For the past twenty-five years or so, tolerance has been a powerful theme of secular preachers of political correctness. ...
This morning, upon opening the inbox of my email account, I discovered an item declaring that the United States Postal Service has issued a stamp commemorating the Islamic holiday of Ramadan. ...
God does not just want us not to sin, He also wants us not even to appear to be doing evil. John Reid shows how Christians must guard their thoughts, words and deeds at all times.
Richard Ritenbaugh, examining the disgusting scandals involving Harvey Weinstein and other philanderers and child molesters exposed in the latest Hollywood debacles, observes that the liberal leftists seem to have tons of dirty laundry to expose to a somew. . .
In this pre-Passover sermon, Richard Ritenbaugh admonishes us that we must identify our enemy, recognizing the source of evil. As Pogo (the comic strip) discovered, "We have found the enemy, and the enemy is us." (Jeremiah 17:9) If we would clean. . .
Before continuing with Judah's next king, Jotham, it is worthwhile to consider another aspect of the previous three kings. ...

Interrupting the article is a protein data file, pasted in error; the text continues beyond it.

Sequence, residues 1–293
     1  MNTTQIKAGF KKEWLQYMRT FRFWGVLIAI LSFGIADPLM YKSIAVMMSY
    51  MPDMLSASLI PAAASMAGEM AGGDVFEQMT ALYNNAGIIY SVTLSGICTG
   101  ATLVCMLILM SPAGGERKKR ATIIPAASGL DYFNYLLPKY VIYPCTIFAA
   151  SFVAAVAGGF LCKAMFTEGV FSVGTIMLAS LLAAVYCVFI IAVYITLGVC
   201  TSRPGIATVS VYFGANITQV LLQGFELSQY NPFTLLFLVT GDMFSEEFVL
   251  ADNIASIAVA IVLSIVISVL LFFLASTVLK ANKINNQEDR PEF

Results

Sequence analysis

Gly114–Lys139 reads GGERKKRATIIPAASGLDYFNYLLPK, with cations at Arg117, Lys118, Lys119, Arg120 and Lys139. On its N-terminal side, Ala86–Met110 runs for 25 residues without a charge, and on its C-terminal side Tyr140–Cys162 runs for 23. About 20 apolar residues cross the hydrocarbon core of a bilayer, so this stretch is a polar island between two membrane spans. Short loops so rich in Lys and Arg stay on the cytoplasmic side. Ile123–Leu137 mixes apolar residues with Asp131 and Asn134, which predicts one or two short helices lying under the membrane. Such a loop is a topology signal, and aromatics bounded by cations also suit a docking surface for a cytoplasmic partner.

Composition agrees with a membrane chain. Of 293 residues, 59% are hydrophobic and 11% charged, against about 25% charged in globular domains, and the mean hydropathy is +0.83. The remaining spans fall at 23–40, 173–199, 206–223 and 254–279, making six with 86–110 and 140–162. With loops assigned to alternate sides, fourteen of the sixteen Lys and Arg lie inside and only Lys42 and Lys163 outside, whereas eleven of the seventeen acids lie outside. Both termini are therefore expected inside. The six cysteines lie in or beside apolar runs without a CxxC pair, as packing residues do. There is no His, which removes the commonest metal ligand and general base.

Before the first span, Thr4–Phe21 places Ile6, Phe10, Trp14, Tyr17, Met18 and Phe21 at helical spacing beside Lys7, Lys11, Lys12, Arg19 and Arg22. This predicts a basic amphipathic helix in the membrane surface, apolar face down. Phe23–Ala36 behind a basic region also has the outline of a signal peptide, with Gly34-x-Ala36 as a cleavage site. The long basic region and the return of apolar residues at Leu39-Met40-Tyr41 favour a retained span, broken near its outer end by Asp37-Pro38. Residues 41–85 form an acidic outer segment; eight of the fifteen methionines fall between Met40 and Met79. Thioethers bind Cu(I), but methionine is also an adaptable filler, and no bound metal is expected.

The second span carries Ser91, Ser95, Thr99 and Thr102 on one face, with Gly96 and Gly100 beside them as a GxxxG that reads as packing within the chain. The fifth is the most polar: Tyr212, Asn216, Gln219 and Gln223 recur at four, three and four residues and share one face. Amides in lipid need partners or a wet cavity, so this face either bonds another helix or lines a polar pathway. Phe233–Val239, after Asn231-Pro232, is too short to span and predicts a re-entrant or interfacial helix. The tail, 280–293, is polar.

As God promised in Leviticus 26:30, the pagan high places of Israel and Judah were destroyed long ago. Their gods have essentially passed into history ...
Uzziah was the third successive king of Judah who failed to remove the high places from the land. His downfall lay in not handling worldly greatness.
Charles Whitaker, citing British philosopher Arnold Toynbee's warning that when a civilization responds to a challenge successfully, it survives, and when it does not, it commits suicide, proclaims that because America, over the last several decades, has n. . .
The primary lesson of the Parable of the Wheat and Tares is relatively easy to see. However, an interesting detail appears in it that is easily overlooked.
The Feast of Unleavened Bread immediately follows the Passover. In it we see how hard it is to overcome and rid our lives of sin.
John Ritenbaugh reiterates the dominant themes, including (1) Preparing to receive our inheritance (2) Learning to fear God (3) God's grace and (4) God's faithfulness. We will not be prepared to execute judgment in the Millennium unless we are experiential. . .
Sanctification is an incremental process in which we systematically destroy the sin within us as our forebears were asked to destroy the inhabitants of Canaan.
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